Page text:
Q.2 What is important to you when taking your treatment? (when you take it, how you take it, the taste, what you can do if the treatment does not work, anything else)

Respondent No.Responses
1a) when you take it b) how you take it c) the taste d) what you can do if the treatment does not work e) side effects
2a) when you take it, b) how you take it, c) the taste – would prefer it if it tastes better, d) what you can do if the treatment does not work – would prefer back-up information such as leaflets etc., e) Written format of the scheduling of treatment i.e. how often before medication works etc.
3a) how you take it, b) the taste, c) what you can do if the treatment does not work.
4a) when you take it b) how you take it c) the taste d) further explanation on medication.
5To explain how to take the medication
6a) It does not taste nice! b) Putting the medicine in other things like ice lollies, c)It doesn't matter what time of day but because it sometimes gives me bellyache I have it in the morning
7a) I take it before I go to bed or after my dinner b) I take it with orange juice and water c) It tastes like lemon and lime d) Go to the nurse and ask them what else to have e) No
8a) How you take it.
9a) The taste.
10a) How you take it. b) The taste.
11a) How you take it. b) The taste. c) It is important that it doesn't cause me more pain and that it is easy to take.
12a) How you take it b) The taste c) Side-effects – does it cause wind/stomach ache d) What it is i.e. is it a natural product or a drug?
13a) How you take it is important for children b) The taste – they are not going to be so willing if it tastes horrible
14When you take it
15a) When you take it b) How you take it c) The taste d) What you can do if your treatment doesn't work e) Important to take regularly and in a way which is easy/pleasant for child to take. No taste/for easy mixing/dilution works great (or fruit flavours). Also access to info about treatment alternatives.
16a) How to take it b) What it tastes like c) Being able to contact someone for advice in-between appointments
17How easy it is to disguise the treatment for the child as a lot of children will not take medicines or powders by choice.
18When you take it - morning with juice
19How you take it
20a) No problems with when to take it, how to take it or the taste b) Have back-ups: Increase medication or ring the doctor's secretary and the secretary leaves him a message.
21Takes it in her milk
22How much medication can be taken?
23a) The taste b) Had enema via ‘ACE’ – unpleasant but bearable.
24a) How you take it b) The taste c) If it can taste nicer in the juice
25The taste, I don't like sleeping at the hospital.
26When you take it.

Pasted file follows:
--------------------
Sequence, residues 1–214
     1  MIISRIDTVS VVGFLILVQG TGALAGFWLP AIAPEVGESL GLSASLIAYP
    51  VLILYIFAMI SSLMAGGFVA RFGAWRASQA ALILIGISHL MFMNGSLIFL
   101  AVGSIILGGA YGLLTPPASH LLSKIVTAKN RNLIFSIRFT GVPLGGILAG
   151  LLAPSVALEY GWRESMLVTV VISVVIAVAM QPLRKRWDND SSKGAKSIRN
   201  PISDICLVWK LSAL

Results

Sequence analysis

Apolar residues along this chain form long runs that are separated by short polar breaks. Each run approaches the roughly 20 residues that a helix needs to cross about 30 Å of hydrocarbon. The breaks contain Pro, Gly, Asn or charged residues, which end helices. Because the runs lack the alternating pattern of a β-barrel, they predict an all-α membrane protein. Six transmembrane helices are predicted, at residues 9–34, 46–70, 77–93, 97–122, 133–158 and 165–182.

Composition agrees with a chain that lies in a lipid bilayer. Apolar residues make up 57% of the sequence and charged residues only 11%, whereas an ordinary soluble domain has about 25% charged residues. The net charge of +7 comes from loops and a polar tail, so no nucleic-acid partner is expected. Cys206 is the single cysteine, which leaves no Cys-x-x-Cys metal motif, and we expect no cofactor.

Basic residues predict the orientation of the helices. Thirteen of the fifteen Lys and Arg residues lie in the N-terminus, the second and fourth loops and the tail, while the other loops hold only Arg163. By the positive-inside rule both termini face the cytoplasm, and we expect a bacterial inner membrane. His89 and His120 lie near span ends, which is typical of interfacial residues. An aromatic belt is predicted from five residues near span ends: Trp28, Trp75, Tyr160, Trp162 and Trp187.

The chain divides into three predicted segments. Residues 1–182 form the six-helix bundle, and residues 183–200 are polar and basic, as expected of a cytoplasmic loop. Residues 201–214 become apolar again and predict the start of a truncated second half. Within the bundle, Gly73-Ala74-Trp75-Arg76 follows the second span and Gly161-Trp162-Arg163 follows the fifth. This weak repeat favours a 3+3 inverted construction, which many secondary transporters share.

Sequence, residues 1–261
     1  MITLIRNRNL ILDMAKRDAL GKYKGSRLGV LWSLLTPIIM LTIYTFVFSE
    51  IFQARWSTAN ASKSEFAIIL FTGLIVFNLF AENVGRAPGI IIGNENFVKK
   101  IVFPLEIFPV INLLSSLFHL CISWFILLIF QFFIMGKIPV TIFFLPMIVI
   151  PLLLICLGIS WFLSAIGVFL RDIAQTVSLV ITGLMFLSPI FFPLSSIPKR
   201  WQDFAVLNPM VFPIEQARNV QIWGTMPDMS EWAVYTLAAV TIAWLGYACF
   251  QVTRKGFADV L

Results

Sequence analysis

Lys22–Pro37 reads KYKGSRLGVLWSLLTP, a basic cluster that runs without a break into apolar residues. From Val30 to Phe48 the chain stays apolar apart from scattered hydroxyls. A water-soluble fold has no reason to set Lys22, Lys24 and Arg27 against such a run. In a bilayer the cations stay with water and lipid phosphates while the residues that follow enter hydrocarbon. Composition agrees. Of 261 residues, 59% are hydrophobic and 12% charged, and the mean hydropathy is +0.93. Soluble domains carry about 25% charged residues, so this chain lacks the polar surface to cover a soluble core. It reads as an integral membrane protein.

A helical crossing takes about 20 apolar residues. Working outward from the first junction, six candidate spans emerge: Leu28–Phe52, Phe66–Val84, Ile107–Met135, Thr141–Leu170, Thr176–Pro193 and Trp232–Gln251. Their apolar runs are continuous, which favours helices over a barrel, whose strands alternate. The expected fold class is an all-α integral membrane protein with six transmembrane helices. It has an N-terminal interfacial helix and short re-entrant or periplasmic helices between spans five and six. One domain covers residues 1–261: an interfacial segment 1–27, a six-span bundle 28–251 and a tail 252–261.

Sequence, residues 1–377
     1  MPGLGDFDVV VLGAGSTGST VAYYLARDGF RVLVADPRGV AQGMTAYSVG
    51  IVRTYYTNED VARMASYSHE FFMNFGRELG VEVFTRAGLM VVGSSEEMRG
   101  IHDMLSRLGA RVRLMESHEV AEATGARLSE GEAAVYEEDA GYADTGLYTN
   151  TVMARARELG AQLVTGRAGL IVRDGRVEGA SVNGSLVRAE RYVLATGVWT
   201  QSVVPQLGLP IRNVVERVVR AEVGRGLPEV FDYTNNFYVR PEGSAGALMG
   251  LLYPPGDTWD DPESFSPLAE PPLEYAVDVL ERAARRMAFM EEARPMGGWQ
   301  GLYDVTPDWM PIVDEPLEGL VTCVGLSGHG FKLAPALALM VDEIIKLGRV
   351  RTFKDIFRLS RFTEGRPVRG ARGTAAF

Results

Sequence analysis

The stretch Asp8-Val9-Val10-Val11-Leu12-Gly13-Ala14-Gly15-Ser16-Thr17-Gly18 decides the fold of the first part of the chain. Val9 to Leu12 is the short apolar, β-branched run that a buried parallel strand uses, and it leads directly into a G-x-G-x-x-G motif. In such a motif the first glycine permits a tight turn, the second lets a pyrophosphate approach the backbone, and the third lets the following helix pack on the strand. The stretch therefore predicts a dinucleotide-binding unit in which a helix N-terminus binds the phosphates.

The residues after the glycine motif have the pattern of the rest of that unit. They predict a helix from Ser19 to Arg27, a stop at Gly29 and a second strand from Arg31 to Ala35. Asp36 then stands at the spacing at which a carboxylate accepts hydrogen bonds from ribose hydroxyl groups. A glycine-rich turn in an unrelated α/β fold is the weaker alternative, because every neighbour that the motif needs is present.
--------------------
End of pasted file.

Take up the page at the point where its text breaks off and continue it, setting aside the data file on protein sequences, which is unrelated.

27If it is oral the taste is important but it is also important if it doesn't work to know there are other options.
28It could taste better.
29When you take it - like a routine. Very difficult to manage when the medication has to be × minutes before food. How you take it – Jamie is managing well with senna tablets. Taste – The Movicol means he needs a flavoured drink because of the taste. What to do if not working – it is a worry when the stomach pain is very bad. Feel unsure who to see i.e. GP, A&E or wait for next out-patients appointment.
30How you take it.
31The taste. When to take it. The knowledge of what to do when the treatment isn't working.
32The taste, What you can do if the treatment isn't working – Increase it.
33Takes Movicol in grape or apple juice. It's not unpleasant. Doesn't mind taking it. Whisking makes it easier to mix.
34How you take it.
35Treatment to be part of a routine for you as a parent and for the child. Treatment to be given in private (kid's bedroom) and in a relaxed atmosphere- music, TV to distract the child. The Movicol treatment to be given regular times of each day and broken down to what sort of the lifestyle of the child-No real taste as a drop of dilute juice hides any taste present. a) e.g. Movicol by itself-don't feel like you have done something wrong, confirm to your child everyone is different, talk to your consultant, GP and use the support network of the community nurses-ask any questions you may have-doesn't matter how trivial they may seem .b) e.g. suppositories- Don't panic give it time and try not to show any anxiety to the child, give them praise for doing the treatment but monitor it and do continue the treatment given. Don't give up, it's a long road but together you can do it. Basically to sum up the answers to the questions in section 2, just try to fit any treatment given into your family's every day life and don't be ashamed of asking for help. Speak to your child, partner, doctors etc and most of all do not feel guilty, it is nothing either the child or parent could have prevented. Keep confidence and show this to the child and confirm one day it will be alright, it just takes time but with team work you can all get through.
36That it tastes nice and it works

From: Appendix F, Involving children in guideline development

Cover of Constipation in Children and Young People
Constipation in Children and Young People: Diagnosis and Management of Idiopathic Childhood Constipation in Primary and Secondary Care.
NICE Clinical Guidelines, No. 99.
National Collaborating Centre for Women's and Children's Health (UK).
London: RCOG Press; 2010.
Copyright © 2010, National Collaborating Centre for Women's and Children's Health.

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